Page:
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Richard Hoagland
ALMATY (Reuters) -- The United States urged Kazakhstan today to use its chairmanship of Europe's main security and human rights watchdog to lead by example and improve its own record.

Rights groups have criticized the West for allowing Kazakhstan to assume the rotating chair of the Organization for Security and Cooperation in Europe (OSCE) this month, saying the nation is unfit to lead a group devoted to promoting democracy.

The first ex-Soviet republic to assume the role, Kazakhstan has never held an election judged free and fair. Public criticism of President Nursultan Nazarbaev, in power for 20 years, remains taboo.

"The United States is eager to collaborate with Kazakhstan as it leads the OSCE by example and reflects in practice the principles of the organization in all three dimensions - security, economic, and human," U.S. ambassador to Kazakhstan Richard Hoagland said in a statement.

"The OSCE's work in the human dimension is a key priority and one where implementation of commitments must be taken most seriously. Kazakhstan has a critical and important opportunity to lead both by word and by deed."

Kazakhstan has said the OSCE was too focused on the so-called "human dimension" -- human rights and democracy -- and paid insufficient attention to other issues.

The United States is one of the biggest investors in Kazakhstan, Central Asia's top oil producer, and U.S. support was instrumental in Kazakh efforts to get the OSCE role.

Often a critic of political restrictions in many other transition economies, Washington has traditionally used softer diplomatic language toward Kazakhstan, where U.S. and other foreign oil companies control most energy deposits.

Not referring to Kazakhstan in particular, Hoagland said journalists in the OSCE region still faced dangers and media pluralism was lacking.

"Elections that fail to achieve transparency and reflect the will of the people have also been a source of concern," Hoagland said. "Judiciaries too often serve as a tool of the few rather than a safeguard for the rule of law for all citizens."

The OSCE has never recognized elections in Kazakhstan as free and fair.

Hoagland mentioned the conflict between Russia, Kazakhstan's close partner, and Georgia -- a tough issue for Kazakhstan which cautiously sided with Moscow in the wake of a brief 2008 war.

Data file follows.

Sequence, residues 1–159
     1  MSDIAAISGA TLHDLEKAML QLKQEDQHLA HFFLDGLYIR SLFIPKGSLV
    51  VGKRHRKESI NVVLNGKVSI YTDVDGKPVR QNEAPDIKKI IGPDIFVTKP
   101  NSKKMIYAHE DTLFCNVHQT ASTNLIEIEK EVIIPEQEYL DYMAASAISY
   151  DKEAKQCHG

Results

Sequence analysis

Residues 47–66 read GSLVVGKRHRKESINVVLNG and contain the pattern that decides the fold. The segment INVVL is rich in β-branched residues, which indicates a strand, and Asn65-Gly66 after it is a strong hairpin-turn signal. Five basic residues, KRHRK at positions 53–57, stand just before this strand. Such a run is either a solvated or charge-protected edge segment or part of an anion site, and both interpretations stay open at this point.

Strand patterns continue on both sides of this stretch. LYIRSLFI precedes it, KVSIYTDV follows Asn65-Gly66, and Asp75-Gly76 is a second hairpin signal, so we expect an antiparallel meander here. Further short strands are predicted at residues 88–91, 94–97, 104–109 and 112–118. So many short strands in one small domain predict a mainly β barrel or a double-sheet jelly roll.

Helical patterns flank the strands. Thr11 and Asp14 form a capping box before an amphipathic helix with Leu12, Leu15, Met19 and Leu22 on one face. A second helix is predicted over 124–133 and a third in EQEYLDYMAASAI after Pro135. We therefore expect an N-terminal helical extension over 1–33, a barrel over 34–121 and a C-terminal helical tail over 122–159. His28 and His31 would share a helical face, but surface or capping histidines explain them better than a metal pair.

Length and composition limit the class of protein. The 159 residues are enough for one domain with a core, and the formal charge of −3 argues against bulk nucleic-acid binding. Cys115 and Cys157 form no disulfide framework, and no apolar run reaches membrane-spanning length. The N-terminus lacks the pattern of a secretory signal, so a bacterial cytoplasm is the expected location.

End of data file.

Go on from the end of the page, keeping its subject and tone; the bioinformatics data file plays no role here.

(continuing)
"We believe the OSCE has a meaningful role to play in stability within and along Georgia's internationally recognized borders," he said. "To that end, we, along with many other participating states, remain committed to the re-establishment of an OSCE presence there that respects Georgia's territorial integrity and sovereignty."
Photographer Umida Ahmedova
The International Association of Art Critics (AICA) has launched a campaign in support of Uzbek photographer Umida Ahmedova, who has been charged by the government with defamation, RFE/RL's Uzbek Service reports.

The Paris-based art organization has published an appeal to Uzbek authorities to acquit Ahmedova. The appeal is signed by nearly 1,000 artists, art critics, journalists, and rights activists from around the world.

The AICA appeal calls on the Uzbek government to dismiss the charges against Ahmedova on the grounds that art is not journalism and cannot be viewed "as an agent" of defamation. (For a slideshow of Ahmedova's work, click here.)

The AICA said it is attempting to draw the attention of the international community and rights organizations to Ahmedova's case.

It says that if Ahmedova's case is not stopped, "any photo taken on the Uzbek streets could become a pretext for legal charges."

Ahmedova, 54, was arrested on December 16 and charged with defamation and damaging Uzbekistan's image with a series of photos and videos she took in remote villages that she used for the documentaries "The Burden Of Virginity" and "Customs Of Men And Women." The films focus on poverty and gender inequality in Uzbekistan.

The documentaries were sponsored by the Swiss Embassy in Tashkent.

Ahmedova, who has contributed photographs to RFE/RL's Uzbek Service, says the charges against her are "groundless" and "absurd."

If found guilty, Ahmedova could face a fine and up to two years in a labor camp or up to six months in prison.

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"Watchdog" is a blog with a singular mission -- to monitor the latest developments concerning human rights, civil society, and press freedom. We'll pay particular attention to reports concerning countries in RFE/RL's broadcast region.

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